He apparently didn't pay his rent there either, so they simply untied his boat one night and it drifted the 100 feet or so over to Stock Island Marina Village, where the marina manager was not very happy to discover that one of the staff accepted the reservation for "an 85 foot motor yacht", and accepted a cash payment for one months rent on a vessel named "Sea Gypsy", identified by a cardboard sign in a pilothouse window.
  The outboard motor setup was installed to make sure the boat left in one month, but now the owner says "he ain't leavin'", so the new dockmaster here removed the motors, not wanting to lose them forever. Not sure how far he'd get with that setup anyway.
  The vessel has drawn lots of visits from Customs Officers, to the Florida Water Conservation agents, and the Department of Environmental Protection. By the looks of the owner, the DEA ought to come around too if they haven't already.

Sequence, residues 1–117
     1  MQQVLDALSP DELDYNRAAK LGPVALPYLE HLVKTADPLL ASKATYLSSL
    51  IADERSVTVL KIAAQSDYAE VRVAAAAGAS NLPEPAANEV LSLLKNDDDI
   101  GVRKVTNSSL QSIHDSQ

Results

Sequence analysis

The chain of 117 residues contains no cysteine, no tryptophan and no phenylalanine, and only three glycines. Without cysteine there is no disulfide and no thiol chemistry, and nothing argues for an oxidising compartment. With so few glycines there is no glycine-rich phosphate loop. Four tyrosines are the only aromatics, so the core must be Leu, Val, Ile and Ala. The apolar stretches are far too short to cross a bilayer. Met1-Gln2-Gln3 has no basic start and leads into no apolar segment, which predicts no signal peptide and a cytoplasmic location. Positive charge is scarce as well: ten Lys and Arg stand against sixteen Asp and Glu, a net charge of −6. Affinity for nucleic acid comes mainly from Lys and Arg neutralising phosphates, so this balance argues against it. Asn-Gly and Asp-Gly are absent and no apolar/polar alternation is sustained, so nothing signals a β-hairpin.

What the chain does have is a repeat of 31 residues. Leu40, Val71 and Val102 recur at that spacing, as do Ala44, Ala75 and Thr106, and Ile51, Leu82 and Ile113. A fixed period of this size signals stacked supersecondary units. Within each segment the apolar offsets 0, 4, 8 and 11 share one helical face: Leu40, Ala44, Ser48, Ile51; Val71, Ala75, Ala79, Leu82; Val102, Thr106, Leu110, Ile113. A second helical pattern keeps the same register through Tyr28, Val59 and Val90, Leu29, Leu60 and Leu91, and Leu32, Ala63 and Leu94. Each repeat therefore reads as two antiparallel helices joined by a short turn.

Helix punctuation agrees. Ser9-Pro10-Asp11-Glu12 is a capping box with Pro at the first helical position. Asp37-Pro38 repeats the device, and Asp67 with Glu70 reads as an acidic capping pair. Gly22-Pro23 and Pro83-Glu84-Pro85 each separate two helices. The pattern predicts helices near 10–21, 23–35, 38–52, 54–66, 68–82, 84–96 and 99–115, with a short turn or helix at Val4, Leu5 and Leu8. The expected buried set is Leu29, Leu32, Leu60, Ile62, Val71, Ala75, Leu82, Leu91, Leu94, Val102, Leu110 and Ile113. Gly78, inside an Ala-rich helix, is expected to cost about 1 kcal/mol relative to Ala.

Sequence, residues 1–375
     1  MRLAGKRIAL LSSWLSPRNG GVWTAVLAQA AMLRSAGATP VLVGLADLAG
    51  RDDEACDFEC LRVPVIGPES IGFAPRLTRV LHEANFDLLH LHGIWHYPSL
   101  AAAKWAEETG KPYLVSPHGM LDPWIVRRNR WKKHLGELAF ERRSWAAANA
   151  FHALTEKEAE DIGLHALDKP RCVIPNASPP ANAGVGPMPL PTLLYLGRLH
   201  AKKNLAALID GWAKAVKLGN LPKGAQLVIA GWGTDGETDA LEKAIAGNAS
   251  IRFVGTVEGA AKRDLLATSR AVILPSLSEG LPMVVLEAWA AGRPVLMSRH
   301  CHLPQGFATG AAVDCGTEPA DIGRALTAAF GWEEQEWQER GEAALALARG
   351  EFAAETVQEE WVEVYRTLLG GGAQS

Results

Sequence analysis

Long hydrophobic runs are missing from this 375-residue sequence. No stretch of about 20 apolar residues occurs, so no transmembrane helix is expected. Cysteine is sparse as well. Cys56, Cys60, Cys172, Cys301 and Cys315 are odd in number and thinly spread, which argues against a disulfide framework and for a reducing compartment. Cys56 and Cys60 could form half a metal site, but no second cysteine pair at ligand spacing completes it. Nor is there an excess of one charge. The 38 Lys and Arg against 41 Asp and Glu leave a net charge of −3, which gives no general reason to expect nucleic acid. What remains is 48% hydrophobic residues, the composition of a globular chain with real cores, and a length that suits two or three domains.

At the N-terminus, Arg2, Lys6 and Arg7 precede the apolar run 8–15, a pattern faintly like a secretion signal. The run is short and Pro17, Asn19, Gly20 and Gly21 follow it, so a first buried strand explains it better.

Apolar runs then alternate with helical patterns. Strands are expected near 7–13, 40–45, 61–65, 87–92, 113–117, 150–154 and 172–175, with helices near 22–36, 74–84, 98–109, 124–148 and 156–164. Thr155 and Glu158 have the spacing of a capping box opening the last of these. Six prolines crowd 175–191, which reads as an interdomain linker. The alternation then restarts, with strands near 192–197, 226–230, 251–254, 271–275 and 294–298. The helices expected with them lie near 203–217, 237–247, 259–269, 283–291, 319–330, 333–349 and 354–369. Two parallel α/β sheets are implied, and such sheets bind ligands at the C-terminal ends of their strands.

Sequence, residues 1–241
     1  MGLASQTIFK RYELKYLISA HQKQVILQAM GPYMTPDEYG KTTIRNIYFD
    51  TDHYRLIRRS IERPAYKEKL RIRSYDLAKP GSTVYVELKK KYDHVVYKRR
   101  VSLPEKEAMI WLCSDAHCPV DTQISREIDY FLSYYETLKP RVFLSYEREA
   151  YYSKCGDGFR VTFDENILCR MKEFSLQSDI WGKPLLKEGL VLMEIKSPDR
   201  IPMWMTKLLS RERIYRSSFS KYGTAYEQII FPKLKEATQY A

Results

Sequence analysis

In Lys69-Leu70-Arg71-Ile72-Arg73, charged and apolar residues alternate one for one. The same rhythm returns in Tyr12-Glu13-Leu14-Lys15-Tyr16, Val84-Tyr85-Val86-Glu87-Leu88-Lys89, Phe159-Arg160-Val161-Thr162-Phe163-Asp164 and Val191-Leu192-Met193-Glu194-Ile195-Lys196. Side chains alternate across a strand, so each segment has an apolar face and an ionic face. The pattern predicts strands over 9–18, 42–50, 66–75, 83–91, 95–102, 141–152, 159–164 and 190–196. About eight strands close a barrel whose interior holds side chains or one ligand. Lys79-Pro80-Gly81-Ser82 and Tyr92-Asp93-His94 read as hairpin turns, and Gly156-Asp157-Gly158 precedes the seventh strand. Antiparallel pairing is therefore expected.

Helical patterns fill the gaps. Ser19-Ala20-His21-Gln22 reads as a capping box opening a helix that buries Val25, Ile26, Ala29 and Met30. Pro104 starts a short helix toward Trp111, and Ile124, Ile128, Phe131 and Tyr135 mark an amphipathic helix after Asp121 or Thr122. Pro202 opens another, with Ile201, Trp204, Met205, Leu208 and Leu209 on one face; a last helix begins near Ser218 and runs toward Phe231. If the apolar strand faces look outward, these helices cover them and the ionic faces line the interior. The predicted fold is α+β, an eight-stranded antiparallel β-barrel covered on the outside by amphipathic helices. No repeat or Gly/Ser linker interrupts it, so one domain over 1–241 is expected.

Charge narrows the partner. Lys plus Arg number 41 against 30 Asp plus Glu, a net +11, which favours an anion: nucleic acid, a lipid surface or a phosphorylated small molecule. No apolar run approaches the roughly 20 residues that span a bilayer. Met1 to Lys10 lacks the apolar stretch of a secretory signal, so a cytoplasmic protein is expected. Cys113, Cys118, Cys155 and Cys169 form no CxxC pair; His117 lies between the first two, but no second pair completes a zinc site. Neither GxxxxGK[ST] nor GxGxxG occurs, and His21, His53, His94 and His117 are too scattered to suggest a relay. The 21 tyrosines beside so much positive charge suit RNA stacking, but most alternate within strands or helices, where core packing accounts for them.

I have no respect for anyone who lets a boat go to seed, so we hope they can get this guy to move on in a month. If they want a world class marina here, having derelict vessels like this one tied to the docks is not the way to go about it.
  But other things are just peachy here at Stock Island Marina Village. We were doing our regular morning mop and maintenance on Swing Set one day when a fella walked over and introduced himself.
  "Arch" found our blog on the American Great Loopers Cruisers Association website some months back and has been following it. We had traded some messages a few times, and Arch wanted to come over to introduce himself and let us know that he found the marina here by reading our blog. Another satisfied customer!
  Last week the marina hosted a Reggae Party in honor of Bob Marley's birthday. There was live music from noon until the wee hours. Draft beer was ten bucks for a bottomless cup, and there was a shrimp boil and fried fish dinner, all you could eat, as many times as you wanted to go up to get some, for another ten bucks per person. What a deal!